Molecular targeted therapy represents a promising new strategy for treating cancers because many small-molecule inhibitors targeting protein kinases have recently become available. Reverse-phase protein microarrays (RPPAs) are a useful platform for identifying dysregulated signaling pathways in tumors and can provide insight into patient-specific differences. In the present study, RPPAs were used to examine 60 protein end points (predominantly phosphoproteins) in matched tumor and nonmalignant biopsy specimens from 23 patients with head and neck squamous cell carcinoma to characterize the cancer phosphoproteome. RPPA identified 18 of 60 analytes globally elevated in tumors versus healthy tissue and 17 of 60 analytes that were decreased. The most significantly elevated analytes in tumor were checkpoint kinase (Chk) 1 serine 345 (S345), Chk 2 S33/35, eukaryotic translation initiation factor 4E-binding protein 1 (4E-BP1) S65, protein kinase C (PKC) ζ/ι threonine 410/412 (T410/T412), LKB1 S334, inhibitor of kappaB alpha (IκB-α) S32, eukaryotic translation initiation factor 4E (eIF4E) S209, Smad2 S465/67, insulin receptor substrate 1 (IRS-1) S612, mitogen-activated ERK kinase 1/2 (MEK1/2) S217/221, and total PKC ι. To our knowledge, this is the first report of elevated PKC ι in head and neck squamous cell carcinoma that may have significance because PKC ι is an oncogene in several other tumor types, including lung cancer. The feasibility of using RPPA for developing theranostic tests to guide personalized therapy is discussed in the context of these data.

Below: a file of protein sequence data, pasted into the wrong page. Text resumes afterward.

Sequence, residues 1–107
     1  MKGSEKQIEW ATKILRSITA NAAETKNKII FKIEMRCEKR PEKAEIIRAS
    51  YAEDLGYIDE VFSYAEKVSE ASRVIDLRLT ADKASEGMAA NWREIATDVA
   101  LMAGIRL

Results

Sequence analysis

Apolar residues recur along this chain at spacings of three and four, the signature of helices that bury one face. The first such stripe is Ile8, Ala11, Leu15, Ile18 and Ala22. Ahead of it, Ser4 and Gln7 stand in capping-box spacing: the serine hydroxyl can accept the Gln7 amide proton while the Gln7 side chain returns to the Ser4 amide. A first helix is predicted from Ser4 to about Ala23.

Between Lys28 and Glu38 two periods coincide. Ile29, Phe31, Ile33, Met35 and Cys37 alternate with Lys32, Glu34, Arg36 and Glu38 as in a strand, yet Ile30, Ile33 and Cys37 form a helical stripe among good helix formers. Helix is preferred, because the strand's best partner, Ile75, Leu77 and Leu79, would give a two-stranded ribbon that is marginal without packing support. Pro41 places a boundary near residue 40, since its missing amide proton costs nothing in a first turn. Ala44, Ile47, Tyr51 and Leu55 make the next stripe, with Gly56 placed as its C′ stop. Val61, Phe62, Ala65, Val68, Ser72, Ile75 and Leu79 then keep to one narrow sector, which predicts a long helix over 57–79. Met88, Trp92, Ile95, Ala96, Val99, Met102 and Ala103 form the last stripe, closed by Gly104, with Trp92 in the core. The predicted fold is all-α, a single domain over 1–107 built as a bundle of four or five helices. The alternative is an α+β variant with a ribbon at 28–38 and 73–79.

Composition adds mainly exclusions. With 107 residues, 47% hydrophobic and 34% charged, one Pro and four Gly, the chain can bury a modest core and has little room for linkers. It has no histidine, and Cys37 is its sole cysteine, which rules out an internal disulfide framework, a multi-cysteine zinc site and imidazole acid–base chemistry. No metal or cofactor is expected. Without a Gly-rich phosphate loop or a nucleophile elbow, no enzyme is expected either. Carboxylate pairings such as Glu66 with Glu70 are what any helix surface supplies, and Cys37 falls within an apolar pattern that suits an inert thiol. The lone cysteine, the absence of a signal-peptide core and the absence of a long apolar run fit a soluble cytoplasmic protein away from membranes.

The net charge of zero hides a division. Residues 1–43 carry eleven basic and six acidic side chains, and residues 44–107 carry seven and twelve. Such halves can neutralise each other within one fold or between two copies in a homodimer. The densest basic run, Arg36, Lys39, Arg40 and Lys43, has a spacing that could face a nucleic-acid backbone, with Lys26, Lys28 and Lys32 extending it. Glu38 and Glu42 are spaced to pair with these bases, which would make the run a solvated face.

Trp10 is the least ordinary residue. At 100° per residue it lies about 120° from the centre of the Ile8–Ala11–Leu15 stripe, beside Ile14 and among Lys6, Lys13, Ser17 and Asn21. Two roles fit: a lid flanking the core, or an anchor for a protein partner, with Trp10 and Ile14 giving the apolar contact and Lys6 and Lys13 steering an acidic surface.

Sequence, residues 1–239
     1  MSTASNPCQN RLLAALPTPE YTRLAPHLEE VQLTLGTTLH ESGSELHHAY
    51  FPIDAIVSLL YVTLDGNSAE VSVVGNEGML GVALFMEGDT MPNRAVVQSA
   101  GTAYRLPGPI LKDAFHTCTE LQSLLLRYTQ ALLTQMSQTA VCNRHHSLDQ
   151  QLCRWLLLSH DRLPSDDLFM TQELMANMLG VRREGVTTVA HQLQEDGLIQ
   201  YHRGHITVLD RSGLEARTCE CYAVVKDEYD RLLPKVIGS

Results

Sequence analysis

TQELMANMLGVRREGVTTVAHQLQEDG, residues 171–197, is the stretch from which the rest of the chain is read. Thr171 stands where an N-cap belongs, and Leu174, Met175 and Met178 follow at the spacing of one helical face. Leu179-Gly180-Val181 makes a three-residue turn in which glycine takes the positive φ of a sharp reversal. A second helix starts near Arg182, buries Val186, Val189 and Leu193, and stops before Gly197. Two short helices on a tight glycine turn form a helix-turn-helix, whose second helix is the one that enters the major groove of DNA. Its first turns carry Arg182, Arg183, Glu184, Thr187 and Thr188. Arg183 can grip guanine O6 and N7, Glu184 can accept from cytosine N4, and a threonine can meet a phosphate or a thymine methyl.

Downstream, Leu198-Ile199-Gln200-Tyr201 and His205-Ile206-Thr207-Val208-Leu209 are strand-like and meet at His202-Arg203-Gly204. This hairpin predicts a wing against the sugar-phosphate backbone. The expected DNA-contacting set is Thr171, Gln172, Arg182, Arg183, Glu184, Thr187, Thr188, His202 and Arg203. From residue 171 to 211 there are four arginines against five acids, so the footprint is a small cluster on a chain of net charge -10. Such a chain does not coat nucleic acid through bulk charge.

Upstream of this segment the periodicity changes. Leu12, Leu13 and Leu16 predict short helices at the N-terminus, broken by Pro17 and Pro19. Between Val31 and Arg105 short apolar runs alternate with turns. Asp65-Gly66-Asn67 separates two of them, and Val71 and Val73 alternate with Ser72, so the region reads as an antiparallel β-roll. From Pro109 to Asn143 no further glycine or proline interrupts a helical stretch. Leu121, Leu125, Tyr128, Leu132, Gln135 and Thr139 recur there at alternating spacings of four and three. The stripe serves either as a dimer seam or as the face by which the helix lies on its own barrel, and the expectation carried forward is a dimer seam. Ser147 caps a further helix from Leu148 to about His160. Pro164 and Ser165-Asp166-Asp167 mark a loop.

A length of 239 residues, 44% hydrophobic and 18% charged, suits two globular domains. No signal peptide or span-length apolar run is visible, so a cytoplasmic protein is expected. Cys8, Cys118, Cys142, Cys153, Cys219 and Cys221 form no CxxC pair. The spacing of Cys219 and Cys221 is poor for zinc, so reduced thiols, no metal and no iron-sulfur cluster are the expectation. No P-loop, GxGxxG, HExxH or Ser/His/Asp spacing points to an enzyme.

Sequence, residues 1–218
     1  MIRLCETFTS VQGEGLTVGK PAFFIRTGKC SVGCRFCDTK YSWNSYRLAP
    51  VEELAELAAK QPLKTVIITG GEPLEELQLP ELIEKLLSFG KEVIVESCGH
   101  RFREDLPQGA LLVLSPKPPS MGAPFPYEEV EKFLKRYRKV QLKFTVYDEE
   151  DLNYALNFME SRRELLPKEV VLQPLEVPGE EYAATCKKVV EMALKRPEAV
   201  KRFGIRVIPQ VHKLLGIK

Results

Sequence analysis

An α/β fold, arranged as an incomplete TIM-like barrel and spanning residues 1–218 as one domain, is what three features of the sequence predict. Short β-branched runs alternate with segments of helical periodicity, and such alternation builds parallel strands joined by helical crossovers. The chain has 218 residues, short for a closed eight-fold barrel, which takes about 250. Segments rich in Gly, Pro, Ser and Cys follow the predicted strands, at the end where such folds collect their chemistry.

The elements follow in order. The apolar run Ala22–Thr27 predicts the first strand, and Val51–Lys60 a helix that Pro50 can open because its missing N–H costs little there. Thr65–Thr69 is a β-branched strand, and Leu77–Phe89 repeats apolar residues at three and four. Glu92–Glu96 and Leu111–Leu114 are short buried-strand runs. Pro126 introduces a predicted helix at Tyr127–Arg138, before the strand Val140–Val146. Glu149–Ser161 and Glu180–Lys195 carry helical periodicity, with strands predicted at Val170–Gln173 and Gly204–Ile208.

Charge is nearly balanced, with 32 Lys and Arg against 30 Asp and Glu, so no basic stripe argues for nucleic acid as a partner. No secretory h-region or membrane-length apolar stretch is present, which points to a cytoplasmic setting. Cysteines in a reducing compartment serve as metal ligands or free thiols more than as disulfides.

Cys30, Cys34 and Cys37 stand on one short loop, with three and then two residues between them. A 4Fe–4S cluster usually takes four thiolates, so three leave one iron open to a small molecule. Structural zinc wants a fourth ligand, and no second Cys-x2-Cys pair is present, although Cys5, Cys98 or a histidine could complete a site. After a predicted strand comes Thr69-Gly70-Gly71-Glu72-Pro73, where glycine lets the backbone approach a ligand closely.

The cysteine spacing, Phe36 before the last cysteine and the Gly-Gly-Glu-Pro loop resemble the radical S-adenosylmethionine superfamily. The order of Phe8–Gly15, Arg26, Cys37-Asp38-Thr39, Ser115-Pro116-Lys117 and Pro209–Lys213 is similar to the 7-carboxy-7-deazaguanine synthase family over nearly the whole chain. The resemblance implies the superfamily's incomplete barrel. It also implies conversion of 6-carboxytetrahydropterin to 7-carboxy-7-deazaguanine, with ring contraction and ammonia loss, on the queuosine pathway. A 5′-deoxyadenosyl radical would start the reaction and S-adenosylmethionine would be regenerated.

Copyright © 2011 American Society for Investigative Pathology. Published by Elsevier Inc. All rights reserved.